It is true that St. Thomas, St. Bonaventure, and other great medieval theologians denied the Immaculate Conception as it was
understood in their day. This does not make them heretics, because the doctrine was not defined by the Church until 1854, and whether they would have denied it in the terms in which it was actually defined is very doubtful.
Can you give reasons why Thomas a Kemple has not been raised to the altars of the Church? Has any process ever been instituted in his case? (W. A. N.) hi your letter you quote the " Imitation of Christ " as a reason for the beatification of Thomas a tempts. But this is not an adequate reason. For one thing, it has never been quite certain that a Kempis wrote it. For a long time it was attributed to Gerson, the famous chancellor of the university of Paris, and at the present day there are scholars who hold that the true author of the " Imitation " was Gerard de Groote, the founder of the Brethren of Common Life, of whom Thomas was one. The value and popularity of the " Imitation " would not have great weight, therefore, in the promotion of Thomas's cause.
As a matter of fact, an enquiry into his sanctity was set on foot by Maximilian Hendrik, Prince-Bishop of Cologne, towards the end of the seventeenth century, and it appears that the documents he collected have since been lost.
Is the Requiem Mass of ancient met (G. H.) Yes. We have no evidence before 150 e.o., but about that time there existed the idea, at least in the East, of celebrating the Eucharist in the region of a grave, e.g., for a holy person who had died. In the third century Tertullian makes mention of annual Masses for the dead, and of the anniversary Mass. There is also certain evidence in St. Cyprian, who died about 257 A.D. Later on we have Possidius, who tells us that St. Augustine was buried with the oblation of the " sacrifice to God " for the commendation of his body to the ground. And Eusebius describes the funeral of Constantine " they honoured him with the service of the Eucharist." In the eighth century pacts were made between monasteries to offer Masses for deceased members.
Why are babies that die shortly after being baptised said to be " angels" any more than " saints "? (H. fl-M.) Babies who die after baptism can only be called angels in a metaphorical sense: they arc not really angels: because angel" are pure spirits, whereas the souls of babies like the souls of all men, retain after death a special relation to their bodies, and will be reunited with them on the Last Day. Babies are sometimes called " cherubs "
or little angels " on account of their innocence, but this is not, stritely speaking, a correct expression,
Did Henoch and Elias die? (E. T4
No, there was no separation of body and soul. They still have their mortal bodice. Theologians hold that they will return at the Last Day and die then. The Apocalypse xi, 3-7 is usually thought to refer to them. Since they did not die they cannot be in Heaven, but are preserved in happiness, perhaps in Limbo, until the Last Judg ment. Malachy in his prophecy suggests that God preserved them alive in order to entrust them at the end of time with a glosions mission.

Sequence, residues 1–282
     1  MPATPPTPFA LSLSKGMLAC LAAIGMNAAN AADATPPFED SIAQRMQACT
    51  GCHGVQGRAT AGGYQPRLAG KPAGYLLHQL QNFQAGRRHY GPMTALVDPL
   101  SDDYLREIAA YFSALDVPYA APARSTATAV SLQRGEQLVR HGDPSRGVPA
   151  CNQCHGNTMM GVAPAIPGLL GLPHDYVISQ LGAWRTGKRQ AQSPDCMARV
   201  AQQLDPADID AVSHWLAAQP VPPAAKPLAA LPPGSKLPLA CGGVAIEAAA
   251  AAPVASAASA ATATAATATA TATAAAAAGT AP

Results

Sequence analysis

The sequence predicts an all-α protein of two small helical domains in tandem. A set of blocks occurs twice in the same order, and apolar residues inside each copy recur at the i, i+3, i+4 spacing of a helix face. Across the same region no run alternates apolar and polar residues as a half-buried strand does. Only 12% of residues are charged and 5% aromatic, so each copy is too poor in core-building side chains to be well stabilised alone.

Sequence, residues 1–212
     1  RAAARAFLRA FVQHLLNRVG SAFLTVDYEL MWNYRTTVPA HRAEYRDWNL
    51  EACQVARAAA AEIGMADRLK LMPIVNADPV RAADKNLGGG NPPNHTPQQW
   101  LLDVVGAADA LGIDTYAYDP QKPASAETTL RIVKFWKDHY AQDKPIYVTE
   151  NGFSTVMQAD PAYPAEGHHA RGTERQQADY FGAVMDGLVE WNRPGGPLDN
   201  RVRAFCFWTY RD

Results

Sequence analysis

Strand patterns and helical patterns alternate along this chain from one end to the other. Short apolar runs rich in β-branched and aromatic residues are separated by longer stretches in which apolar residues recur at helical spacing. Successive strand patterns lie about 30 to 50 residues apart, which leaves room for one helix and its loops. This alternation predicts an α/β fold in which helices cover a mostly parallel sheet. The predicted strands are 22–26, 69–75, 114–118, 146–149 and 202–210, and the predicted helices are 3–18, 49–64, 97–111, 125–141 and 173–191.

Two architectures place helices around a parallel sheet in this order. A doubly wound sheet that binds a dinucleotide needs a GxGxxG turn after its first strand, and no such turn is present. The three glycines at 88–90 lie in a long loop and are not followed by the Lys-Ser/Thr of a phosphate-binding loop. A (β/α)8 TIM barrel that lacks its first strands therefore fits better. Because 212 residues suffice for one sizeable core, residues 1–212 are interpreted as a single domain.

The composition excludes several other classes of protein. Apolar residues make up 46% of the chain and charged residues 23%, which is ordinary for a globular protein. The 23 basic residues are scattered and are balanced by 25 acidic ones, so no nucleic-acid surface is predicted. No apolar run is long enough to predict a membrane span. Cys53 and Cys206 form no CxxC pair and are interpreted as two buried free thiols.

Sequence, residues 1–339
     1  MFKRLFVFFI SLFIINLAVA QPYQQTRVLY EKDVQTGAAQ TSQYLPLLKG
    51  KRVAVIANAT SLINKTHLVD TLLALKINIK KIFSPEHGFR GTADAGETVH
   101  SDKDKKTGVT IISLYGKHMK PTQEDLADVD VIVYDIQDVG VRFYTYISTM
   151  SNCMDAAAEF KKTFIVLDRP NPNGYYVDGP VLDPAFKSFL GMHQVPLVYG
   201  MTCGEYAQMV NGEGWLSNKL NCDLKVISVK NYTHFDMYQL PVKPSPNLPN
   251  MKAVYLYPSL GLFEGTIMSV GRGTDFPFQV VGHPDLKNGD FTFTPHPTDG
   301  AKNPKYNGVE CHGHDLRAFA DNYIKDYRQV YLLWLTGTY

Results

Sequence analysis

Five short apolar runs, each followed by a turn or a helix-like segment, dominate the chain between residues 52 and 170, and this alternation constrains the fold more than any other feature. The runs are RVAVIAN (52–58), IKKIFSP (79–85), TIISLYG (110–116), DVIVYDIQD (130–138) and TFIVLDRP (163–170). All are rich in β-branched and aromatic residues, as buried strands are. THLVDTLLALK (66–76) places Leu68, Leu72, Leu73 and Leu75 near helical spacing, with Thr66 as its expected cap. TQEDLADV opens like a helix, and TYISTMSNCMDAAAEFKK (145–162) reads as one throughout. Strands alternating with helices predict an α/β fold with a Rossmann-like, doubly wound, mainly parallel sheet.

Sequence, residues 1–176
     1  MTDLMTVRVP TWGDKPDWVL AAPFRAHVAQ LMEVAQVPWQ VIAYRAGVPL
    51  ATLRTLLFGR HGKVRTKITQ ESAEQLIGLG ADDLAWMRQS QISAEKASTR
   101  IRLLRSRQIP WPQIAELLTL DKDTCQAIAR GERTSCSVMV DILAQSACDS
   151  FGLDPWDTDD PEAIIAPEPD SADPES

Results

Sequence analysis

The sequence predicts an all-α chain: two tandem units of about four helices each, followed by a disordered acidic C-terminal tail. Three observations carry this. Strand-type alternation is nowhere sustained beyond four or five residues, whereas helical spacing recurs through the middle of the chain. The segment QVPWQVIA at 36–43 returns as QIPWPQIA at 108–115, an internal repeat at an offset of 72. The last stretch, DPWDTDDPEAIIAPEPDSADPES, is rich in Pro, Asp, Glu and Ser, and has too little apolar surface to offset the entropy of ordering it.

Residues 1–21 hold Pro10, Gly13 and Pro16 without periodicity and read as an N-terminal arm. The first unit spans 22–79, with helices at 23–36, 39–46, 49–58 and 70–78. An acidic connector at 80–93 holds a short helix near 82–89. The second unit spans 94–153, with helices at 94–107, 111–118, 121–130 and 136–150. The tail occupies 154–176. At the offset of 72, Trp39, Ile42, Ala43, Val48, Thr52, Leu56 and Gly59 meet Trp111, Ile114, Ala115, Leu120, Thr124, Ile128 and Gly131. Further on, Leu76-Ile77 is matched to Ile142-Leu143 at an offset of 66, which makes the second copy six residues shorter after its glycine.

How many were present at the first Pen. tecost? (E. T.) You question a statement in the " Quiz " that there were 120 at the first Pentecost. Now after the Ascension there were 120 in the Upper Room at the election of Matthias (Acts i, 15.) When the Holy Ghost came down he reads (Acts ii, 1), " they west an together in one place," The ward "they" here is taken as referring to the same people mentioned in i, 15, i.e., 120, and possibly other Christians as well. There is no evidence' to support your view that only the Apostles received the Holy Ghost at this time, and certainly such a view is not necessary to prove the Apostolic succession.
Is Gad alone Holy?—(A. H. G.).
It is true that we say in the Gloria " for thou alone art holy," and that we also say " Holy Mary," but this does not involve a contradiction. God is the only being whose nature it is to exist, and His perfections are infinite, We ear, say that He is holiness itself. He alone is holy of Ilis very nature. But holiness as a virtue denotes union with God. Grace, on which it is based, unites man to God by allowing him to share in the divine life, and only mortal sin can destroy that union. Since Our Lady, of all creatures, had the closest union with God, we may well call her Holy Mary.
Can you recommend a Catholic Home for retired gentlemen?—(F. 0. W.).
It is true, as you say, that ladies seem to be well catered for in this respect, but gentlemen are not entirely neglected. The Aleutian Brothers have homes for retired gentlemen at Twyford Abbey (evacuated for the duration to Llysdulas, Dulas, Anglesey, North Wales): St. Mary's Home, Itiloston, Manchester 10; Stillington Hall, Stillington, York. The Brother Superior at any of these houses will be glad to give full details.
Would it he good or ridiculous to leave instructions that Masses said for one's soul after death should he the Proper masses of the day? (G. H.) Since there is a Proper Mass for the day, even when the rubrics permit a Mass of Requiem, there is no reeson why one should not direct that Masses for one's soul should be the Proper of the day and not a Requiem Mass. It would be, however, just as well to keep in mind what we have said already about Requiem Masses, namely, that it is held that they possess a greater impetratory power on the part of the Church than the ordinary Mass of the day. Since, then, the soul cff the departed gains more from such a Mass, it would be wiser riot to exclude Requiem Masses entirely.